The importance of transition cow management is well-known. But until recently, there have been unknowns about early disease indicators which impact the health of transition cows and heifers.

Activity monitoring systems have changed the game. The ability to track individual cow activity during the dry period and early lactation has given us a wealth of insights and data – data which has recently been used to identify potential red flags during the transition period for early intervention.

Let’s explore some instances where activity monitoring data can be used as an indicator for transition cow success.

Eating time data and time to first service

Launched in the Netherlands in 2016, the “Sense of Sensors in Transition Management Study” uses activity-monitor sensor data and regular veterinary check-ups to develop early indicators and benchmarks for a successful transition period.

The study recently uncovered a relationship between eating time during transition and earlier first service, which could have an impact on your dry-cow feeding strategy. Dry cows with longer eating time four weeks before calving were ready to be bred back sooner than cows who ate for less time. Cows with longer eating times three to four weeks after calving were also ready to be bred back sooner.

Activity-monitoring systems enable farmers to monitor individual cow and overall herd eating time. These systems send alerts when a cow’s eating time drops or when it’s lower than the herd average. The alert empowers the farmer to intervene, adjust the feed plan, call a veterinarian or pencil out a new dry cow feeding program. Early intervention can result in improved eating time and cows that breed back sooner.

Eating activity and milk production

Eating data from activity-monitoring systems can also indicate a healthy lactation. Low eating time during the dry period can be an early indicator for lost body condition, low milk production, diseases and/or longer time to first insemination during lactation. Feed plan adjustments can be made based on eating time data and desired milk production.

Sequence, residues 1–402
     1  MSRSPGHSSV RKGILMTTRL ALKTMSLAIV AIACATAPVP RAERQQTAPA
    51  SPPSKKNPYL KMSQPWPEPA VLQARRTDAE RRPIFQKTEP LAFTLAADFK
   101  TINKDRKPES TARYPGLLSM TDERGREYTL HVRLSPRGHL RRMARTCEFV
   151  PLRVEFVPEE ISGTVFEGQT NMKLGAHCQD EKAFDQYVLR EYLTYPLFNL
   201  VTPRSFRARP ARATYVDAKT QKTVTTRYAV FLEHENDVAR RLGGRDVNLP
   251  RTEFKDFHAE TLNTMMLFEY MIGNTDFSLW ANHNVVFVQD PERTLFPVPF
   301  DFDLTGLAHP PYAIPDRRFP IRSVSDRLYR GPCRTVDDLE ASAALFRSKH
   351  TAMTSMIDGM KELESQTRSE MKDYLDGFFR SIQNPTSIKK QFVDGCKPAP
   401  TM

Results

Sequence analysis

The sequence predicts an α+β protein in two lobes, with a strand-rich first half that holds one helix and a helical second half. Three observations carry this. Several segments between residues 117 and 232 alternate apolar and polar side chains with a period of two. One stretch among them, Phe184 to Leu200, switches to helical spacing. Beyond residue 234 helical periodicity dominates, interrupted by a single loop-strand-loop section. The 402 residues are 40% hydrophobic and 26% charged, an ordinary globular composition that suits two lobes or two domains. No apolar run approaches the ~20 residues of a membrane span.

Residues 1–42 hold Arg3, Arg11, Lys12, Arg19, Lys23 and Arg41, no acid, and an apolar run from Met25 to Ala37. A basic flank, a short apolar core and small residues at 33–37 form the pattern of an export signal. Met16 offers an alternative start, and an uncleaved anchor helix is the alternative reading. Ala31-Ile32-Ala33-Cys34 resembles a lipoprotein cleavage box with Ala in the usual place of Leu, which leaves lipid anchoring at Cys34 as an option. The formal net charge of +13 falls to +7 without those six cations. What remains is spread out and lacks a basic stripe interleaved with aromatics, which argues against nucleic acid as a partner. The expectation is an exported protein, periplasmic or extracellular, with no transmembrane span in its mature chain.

On one farm in the study, fresh heifer milk production was underperforming compared to older cows. Activity-monitoring data showed cows spent 24% of the day eating, which is normal. Upon ruling out eating time as an issue, the farmer dug deeper and observed that older, more aggressive cows at the feedbunk were sorting the roughage. As a result, fresh heifers weren’t getting the right nutrients.

Activity-monitoring data showed immediate desirable changes after the farmer changed his feeding strategy to eliminate sorting. The changes included increased rumination time, increased lying time and less competition at the feedbunk. Younger cows received a better balance of nutrients to help maximize milk production. Average milk production for first-lactation cows increased by 4%.

In this real-life example, activity-monitoring data told the farmer fresh heifer eating time was normal. Normal eating time pointed to a potential feed nutrient issue, which he identified visually and was confirmed with sensor data. The data also enabled the farmer to monitor the immediate impact of the management change. This demonstrates how sensor data generates value when paired with farmer knowhow on feeding strategy, feed management and pen characteristics.

Chewing activity and ketosis, hypocalcemia incidence

Activity-monitoring data on chewing activity (eating and rumination) can be used to detect early signs of ketosis and hypocalcemia. Cows that chew less throughout the entire dry period are at higher risk of developing these metabolic diseases.

Based on benchmarks established in the study, activity monitoring can detect subtle changes in chewing activity which are consistent with ketosis or hypocalcemia, before visual symptoms appear. In one real-life example, cow chewing activity dropped significantly the day before calving and remained depressed until she received treatment for ketosis, which wasn’t visibly diagnosed until day six.

Activity monitoring systems will send an alert when depressed chewing data lasts longer than a day or two. Farmers can then determine if there is a pen-wide management issue or an individual case of ketosis.

Early detection and treatment of ketosis and other metabolic diseases before clinical signs can result in significant cost savings. For example, a 100-cow dairy with a 30% ketosis rate can lose about $8,700 per year. In this example, lowering the rate by just 5% would result in $1,450 per year in cost savings.

Ketosis’ impact extends beyond early lactation, so it’s important to catch at-risk cows early and intervene for lactation-long productivity.

The future of transition cow management

The study will continue exploring relationships between the dry and early lactation periods. The goal of the parties involved in the study is to continue identifying success factors of healthy transition; factors which enable us to develop indicators which activity-monitoring systems can measure. Chewing activity is just one example.

Our goal is to identify all animals at risk for problems, and we’ll continue working to achieve this goal.

Find your activity monitoring system